4. Machine Learning Approaches to Nowcast Power Generation

In this section, we describe the methodology used for processing, segmenting and modeling the sensor data from the Opera PV System in order to nowcast output power generation from the ambient sensor information in real time.
As stated previously, several models are evaluated in this work. They are mainly grouped into: (i) human-crafted features and multiple temporal windows and (ii) deep learning for automatic feature extraction and learning. In the following sections, we detail: (first) basic segmentation with temporal sliding windows for sensor streams in a data-driven model; (second) modeling for human-crafted features and multiple temporal windows; and (third) deep learning approaches to nowcast output power generation of the Opera PV System.

4.1. Data-Driven Model to Nowcast Power Generation

Following a formal definition, a sensor s collects data in real time in the form of a pair s i ¯ = { s i , t i } , where s i represents a given measurement and t i the time-stamp, respectively. Thus, the data stream of the sensor source s is defined by S s ¯ = { s 0 ¯ , , s i ¯ } and a given value in a timestamp t i by S s ( t i ) = s i . In this work, irradiance on PV surface G I , ambient temperature T a m , PVG output I A , PVG output voltage V A and PVG output power generation P A provide five data streams which describe the behavior and energy production of the PV system.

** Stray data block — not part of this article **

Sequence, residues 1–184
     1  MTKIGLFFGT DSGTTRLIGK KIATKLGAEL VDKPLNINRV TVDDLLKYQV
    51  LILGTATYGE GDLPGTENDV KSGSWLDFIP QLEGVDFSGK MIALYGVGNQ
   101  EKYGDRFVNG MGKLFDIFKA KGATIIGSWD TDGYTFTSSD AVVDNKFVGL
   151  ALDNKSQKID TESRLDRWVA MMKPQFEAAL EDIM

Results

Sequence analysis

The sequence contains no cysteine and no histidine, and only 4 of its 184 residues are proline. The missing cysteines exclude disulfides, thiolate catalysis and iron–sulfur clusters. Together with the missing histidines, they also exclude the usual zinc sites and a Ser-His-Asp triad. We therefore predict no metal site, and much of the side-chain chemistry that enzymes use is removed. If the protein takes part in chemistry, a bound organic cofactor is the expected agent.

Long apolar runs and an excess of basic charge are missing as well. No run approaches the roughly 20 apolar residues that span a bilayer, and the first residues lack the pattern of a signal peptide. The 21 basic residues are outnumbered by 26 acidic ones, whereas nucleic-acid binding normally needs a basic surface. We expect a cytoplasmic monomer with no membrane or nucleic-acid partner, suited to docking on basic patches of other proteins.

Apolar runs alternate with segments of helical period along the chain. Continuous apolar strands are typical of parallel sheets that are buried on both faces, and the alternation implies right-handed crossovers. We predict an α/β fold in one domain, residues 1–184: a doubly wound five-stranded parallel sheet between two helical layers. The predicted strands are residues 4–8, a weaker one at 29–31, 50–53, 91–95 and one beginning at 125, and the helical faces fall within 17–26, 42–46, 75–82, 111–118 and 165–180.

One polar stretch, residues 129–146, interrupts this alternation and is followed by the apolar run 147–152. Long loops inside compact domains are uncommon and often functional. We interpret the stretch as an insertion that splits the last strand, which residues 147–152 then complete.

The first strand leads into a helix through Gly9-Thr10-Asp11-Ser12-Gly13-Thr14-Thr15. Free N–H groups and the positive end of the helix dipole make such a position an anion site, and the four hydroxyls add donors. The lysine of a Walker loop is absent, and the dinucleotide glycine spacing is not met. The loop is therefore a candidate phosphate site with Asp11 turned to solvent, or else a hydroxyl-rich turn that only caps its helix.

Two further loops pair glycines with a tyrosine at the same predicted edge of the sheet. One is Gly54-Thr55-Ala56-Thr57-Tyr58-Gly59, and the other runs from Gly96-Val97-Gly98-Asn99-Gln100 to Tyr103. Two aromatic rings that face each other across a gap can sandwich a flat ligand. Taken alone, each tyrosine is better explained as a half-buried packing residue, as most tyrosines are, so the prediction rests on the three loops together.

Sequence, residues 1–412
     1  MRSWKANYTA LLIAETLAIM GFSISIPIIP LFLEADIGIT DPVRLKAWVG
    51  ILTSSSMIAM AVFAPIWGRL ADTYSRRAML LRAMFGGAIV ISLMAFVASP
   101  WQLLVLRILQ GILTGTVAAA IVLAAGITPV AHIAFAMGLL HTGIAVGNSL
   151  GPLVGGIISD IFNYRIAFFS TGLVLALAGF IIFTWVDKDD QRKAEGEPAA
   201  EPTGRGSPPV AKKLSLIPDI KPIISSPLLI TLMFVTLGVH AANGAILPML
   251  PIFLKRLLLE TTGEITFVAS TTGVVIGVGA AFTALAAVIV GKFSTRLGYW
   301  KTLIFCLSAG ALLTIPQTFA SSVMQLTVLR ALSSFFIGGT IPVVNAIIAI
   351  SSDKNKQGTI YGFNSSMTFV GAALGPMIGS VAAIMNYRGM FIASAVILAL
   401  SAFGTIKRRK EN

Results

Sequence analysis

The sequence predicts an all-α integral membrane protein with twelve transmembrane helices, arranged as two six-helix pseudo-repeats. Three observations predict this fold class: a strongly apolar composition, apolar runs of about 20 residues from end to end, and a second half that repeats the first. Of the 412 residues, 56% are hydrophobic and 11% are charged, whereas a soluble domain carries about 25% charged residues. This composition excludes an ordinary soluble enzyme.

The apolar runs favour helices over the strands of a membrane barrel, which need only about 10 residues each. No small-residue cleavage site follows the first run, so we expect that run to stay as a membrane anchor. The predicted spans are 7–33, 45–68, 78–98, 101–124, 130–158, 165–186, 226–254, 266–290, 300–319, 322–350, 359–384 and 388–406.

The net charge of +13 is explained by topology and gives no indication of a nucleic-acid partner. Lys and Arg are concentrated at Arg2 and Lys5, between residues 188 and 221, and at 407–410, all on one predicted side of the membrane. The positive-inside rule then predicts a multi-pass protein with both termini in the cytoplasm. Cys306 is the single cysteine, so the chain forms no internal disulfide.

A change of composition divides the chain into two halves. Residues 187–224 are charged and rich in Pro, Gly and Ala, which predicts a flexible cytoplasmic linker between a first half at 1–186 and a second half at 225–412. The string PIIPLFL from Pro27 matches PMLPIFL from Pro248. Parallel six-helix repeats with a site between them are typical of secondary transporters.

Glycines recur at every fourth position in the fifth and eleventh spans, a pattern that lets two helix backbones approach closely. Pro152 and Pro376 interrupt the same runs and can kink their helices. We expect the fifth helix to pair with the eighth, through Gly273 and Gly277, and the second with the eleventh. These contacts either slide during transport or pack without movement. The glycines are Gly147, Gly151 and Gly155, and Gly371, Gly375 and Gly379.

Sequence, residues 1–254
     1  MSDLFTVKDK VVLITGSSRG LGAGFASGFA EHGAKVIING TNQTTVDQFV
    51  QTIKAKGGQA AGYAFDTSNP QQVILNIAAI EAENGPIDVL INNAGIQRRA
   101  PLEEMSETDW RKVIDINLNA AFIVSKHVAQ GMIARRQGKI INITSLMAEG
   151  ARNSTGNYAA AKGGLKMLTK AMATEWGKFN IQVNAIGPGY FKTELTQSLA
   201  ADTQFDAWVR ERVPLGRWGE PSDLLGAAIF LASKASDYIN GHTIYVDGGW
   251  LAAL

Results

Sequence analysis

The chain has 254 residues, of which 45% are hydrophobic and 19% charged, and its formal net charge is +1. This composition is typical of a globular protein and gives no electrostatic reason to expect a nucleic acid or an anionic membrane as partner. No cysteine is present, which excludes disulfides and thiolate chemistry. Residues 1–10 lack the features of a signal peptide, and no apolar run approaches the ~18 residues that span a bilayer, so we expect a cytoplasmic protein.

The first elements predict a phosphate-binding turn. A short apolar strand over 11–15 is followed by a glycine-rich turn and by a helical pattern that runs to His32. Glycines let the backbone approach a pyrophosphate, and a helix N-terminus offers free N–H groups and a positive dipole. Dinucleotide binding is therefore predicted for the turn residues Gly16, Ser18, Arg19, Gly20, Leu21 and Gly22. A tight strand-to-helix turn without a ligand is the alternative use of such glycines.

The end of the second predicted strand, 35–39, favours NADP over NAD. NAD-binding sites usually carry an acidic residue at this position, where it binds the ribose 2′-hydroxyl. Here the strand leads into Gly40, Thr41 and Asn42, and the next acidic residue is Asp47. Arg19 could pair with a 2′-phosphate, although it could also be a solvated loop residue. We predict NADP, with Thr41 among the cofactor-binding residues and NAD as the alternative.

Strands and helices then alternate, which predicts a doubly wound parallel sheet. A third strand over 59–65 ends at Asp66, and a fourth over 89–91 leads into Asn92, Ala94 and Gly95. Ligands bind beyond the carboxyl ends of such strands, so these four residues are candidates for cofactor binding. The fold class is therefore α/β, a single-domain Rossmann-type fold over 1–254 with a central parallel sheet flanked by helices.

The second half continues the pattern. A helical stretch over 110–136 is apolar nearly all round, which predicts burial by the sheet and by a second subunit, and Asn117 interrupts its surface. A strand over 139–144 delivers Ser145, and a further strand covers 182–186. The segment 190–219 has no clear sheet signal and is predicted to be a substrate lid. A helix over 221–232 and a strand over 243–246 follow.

Next, temporal sliding windows, which are defined by the window size of a time interval W w = [ W w , W w + ] [45], segment the samples of a sensor stream S s ¯ and aggregate the values s i ¯ by a given aggregation function T t ( S s , W w , t * ) :
T t ( S s , W w , t * ) = s i s i ¯ s i , t i [ t * W w , t * W w + ]
whose value of aggregation defines a given feature T t of the sensors S s in a current time t * . In Figure 5, we describe the segmentation and aggregation by temporal sliding windows in some visual examples of data streams.